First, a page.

1. First, claim your books. When you’re new to Goodreads, you first have to let Goodreads know that a book is your book. It’s a simple process — you look up your title and then let Goodreads know that this title is written by you. It takes a day or so for Goodreads to verify this and then you’re all set. And make sure the book data is correct. As an example, below is an excerpt of the book profile page for our title Out of Breath:

2. Next, fill out your personal profile. Naturally, you shouldn’t feel compelled to divulge everything about yourself — particularly any information that is better left private. But I do recommend that you include a link to your book’s website, your Twitter account (if you have one), your favorite books and genres, and a bio. If you write a blog, you can connect your blog feed to your Goodreads profile (a very good idea to expand your reach). I also think including a photo is important so people can be sure that you’re actually the same person who wrote the book they love. (Hat tip to Deb for noting that you need to claim your book before you can input additional bio data).

3. Invite your friends. Goodreads already has more than 7 million members, but when you compare this against Facebook’s 900 million members, there’s still plenty of room to grow. By inviting your friends, you can not only introduce them to Goodreads, you might also create your own virtual book group. Also important is that your friends are likely to be among your biggest fans, so encourage them to rate, review, and chat about your book with their friends.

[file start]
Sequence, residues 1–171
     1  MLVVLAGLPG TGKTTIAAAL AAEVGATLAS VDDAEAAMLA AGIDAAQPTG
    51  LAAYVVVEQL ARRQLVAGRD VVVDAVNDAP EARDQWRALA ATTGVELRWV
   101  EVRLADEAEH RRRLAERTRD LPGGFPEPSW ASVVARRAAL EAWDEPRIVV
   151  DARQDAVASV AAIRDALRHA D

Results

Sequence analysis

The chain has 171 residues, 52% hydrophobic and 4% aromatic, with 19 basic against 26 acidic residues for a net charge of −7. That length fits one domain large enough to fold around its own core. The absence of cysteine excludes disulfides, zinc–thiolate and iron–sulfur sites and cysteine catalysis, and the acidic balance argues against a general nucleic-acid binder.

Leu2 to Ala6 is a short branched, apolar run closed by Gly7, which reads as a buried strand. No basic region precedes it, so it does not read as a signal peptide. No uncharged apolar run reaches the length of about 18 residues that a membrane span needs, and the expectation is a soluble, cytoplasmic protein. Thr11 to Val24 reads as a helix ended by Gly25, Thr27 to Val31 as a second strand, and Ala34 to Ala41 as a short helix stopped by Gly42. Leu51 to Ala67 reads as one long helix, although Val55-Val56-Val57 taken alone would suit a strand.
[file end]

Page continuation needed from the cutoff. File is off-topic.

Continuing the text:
4. Rate and review books. You need to review about 60 books for Goodreads’ recommendation engine to get a feel for what books and genres you like. So dive in and get a feel for how the engine works. Not only will you get a better idea for how the engine works but also for how it can benefit your books.

5. Join groups. Goodreads members have created groups ranging from We ♥ YA Books! to Ladies & Literature to Nora Roberts Groupies. And odds are good that you’ll find a group that might be interested in your book — or at least share common interests. Here’s one group that I’m a member of:

6. Sponsor a giveaway, or two. Authors are eligible to give away free copies of their books for up to six months after publication date — and I recommend taking full advantage of it. You can give away one copy of your book, or you can give away several during that period — either way, this will go a long way torward raising awareness of your book. Check out the Goodreads giveaway page for a list of titles being offered.

Here is one of our titles currently being featured in a giveaway — and there’s still time left to register!

7. Make a list. Add to existing lists. Listopia is a mini-site that includes lists upon lists upon lists. From best urban YA vampire books to best Argentina travel books, you’ll have plenty to choose from. Lists are great ways to make your book more discoverable to others — and to discover books yourself.